It's been two weeks since Dreamforce, Salesforce's annual conference, and investors will soon have another chance to hear about the the company's product vision and financial outlook.
The software giant reports its October quarter (fiscal 2020 Q3) earnings on Tuesday after the close, and analysts polled by FactSet are expecting earnings of 66 cents per share on $4.45 billion in revenue. Salesforce shares were falling 0.1% to $160.85 on Tuesday and are up about 17% this year.
1. The Longer-Term Outlook
Given that its annual investor day was only two weeks ago, investors already have a lot of information and broadly know what to expect out of the next few quarters. So don't expect any huge stock moves after Tuesday's release, noted Jeff Marks, analyst with Jim Cramer's Action Alerts Plus portfolio, which owns Salesforce. "With two quarters left on Salesforce.com's fiscal year, what the upward revision in fiscal 2020 guidance and the reiteration of 20% organic revenue growth over the longer term means to us is that the potential for either upside or downside should be somewhat removed from this release," Marks said.
Expect management to reiterate its bullish outlook that digital transformation will continue to propel high growth, even in the face of macro headwinds.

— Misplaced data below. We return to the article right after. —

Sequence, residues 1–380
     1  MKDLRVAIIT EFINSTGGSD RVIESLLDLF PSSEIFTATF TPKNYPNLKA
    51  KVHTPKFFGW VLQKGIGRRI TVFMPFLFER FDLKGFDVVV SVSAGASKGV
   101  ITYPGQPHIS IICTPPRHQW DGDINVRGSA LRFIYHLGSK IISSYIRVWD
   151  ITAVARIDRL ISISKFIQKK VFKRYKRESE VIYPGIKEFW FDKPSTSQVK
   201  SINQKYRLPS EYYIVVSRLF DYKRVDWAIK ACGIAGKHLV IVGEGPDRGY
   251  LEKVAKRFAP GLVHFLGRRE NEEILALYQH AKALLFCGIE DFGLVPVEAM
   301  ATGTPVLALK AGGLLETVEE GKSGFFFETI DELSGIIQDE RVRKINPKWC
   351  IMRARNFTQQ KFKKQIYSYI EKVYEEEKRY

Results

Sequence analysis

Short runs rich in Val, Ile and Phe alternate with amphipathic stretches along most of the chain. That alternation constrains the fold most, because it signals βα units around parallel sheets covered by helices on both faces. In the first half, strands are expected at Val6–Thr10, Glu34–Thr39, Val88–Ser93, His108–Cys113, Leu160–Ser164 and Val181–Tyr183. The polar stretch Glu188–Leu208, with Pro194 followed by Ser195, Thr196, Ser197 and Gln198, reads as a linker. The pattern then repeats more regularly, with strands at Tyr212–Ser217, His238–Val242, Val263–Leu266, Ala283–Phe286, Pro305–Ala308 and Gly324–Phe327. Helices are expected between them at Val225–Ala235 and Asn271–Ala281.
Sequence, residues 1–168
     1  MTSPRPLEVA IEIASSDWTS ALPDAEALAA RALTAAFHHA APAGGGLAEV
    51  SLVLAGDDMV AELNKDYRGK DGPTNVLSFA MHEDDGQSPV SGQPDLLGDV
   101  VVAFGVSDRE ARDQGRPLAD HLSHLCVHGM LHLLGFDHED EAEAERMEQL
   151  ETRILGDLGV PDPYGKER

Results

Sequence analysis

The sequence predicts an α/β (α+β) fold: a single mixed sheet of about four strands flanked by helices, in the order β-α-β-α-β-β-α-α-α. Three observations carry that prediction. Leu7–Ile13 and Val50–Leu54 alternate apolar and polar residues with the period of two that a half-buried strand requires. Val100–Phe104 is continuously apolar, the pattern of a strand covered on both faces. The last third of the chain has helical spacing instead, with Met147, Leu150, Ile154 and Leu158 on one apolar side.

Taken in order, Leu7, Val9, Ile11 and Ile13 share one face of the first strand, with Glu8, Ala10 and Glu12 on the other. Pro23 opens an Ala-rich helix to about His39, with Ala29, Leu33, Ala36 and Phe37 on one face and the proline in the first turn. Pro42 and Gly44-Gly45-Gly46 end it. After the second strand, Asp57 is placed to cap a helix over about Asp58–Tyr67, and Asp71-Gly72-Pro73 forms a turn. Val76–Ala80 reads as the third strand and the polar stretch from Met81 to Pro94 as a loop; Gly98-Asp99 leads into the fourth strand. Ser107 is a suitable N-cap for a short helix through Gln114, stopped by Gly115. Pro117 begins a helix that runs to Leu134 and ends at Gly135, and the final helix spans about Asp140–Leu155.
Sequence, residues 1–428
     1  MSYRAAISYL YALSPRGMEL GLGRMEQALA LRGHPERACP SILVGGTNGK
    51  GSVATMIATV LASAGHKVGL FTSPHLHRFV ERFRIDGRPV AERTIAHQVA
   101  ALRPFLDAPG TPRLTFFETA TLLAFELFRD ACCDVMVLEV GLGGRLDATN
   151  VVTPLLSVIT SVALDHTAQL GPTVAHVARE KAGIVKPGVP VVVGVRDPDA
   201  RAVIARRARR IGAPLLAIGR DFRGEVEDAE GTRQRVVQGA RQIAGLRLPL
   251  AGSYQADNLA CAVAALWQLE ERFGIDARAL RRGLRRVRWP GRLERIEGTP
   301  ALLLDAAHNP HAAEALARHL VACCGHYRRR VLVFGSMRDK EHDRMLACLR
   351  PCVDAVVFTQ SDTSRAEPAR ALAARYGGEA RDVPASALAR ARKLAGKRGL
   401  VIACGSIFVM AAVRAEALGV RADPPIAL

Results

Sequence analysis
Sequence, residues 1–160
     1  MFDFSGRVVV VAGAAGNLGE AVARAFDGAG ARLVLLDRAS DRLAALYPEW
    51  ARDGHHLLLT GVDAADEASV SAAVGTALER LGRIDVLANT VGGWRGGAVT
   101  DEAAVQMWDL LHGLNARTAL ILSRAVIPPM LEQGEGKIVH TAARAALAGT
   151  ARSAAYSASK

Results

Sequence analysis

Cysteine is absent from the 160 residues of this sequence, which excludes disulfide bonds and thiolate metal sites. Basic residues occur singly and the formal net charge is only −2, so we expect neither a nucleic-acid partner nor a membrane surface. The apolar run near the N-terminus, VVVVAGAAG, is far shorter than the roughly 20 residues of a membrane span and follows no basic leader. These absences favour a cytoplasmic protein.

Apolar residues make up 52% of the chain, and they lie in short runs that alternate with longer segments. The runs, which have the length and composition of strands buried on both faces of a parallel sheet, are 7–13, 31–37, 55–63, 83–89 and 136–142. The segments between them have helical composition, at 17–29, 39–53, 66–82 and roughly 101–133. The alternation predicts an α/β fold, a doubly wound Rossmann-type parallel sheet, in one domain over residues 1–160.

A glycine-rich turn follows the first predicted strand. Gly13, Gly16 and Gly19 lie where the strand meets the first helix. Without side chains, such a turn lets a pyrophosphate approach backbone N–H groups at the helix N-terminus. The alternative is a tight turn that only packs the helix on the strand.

2. Details on Updated Targets
On Salesforce's investor day, the company raised its long-term outlook, saying that it plans to double in size over the next four years, with an updated revenue target of $34 billion to $35 billion by fiscal 2024 (it's guided for $17 billion for fiscal 2020.)
Investors are undoubtedly eager for more details on how it plans to get there, and what roles organic growth and acquisitions will play in meeting that target. Among the potential risks facing Salesforce's stock, Morgan Stanley analyst Keith Weiss cited the possibility that "M&A may complicate organic growth calculations and raise concerns about core business strength." Investors will be listening for more on what M&A means for Salesforce's margins and overall balance sheet.
3. Plans for Tableau
Salesforce has touted its success in turning its acquisitions into revenue powerhouses, telling investors that Mulesoft, for example, has grown more than 50% year over year since Salesforce bought it in 2018. Other acquisitions have also thrived under the Salesforce tent.
Tableau, which Salesforce purchased several months ago for $15.7 billion, is its latest big-ticket acquisition. While Salesforce didn't give any specific guidance on how Tableau will perform in the quarters to come, investors can expect "distribution synergies, perhaps acceleration," wrote JP Morgan analyst Mark Murphy in a recent note.
"Co-CEO Keith Block referenced how Salesforce has accelerated growth of MuleSoft and advised investors to think about the possibilities of taking that playbook and applying it to Tableau," Murphy pointed out. At Salesforce's investor day, Tableau CEO Adam Selipsky said the wheels are in motion for integrating the two companies, and investors could hear more about how that's going on Tuesday.
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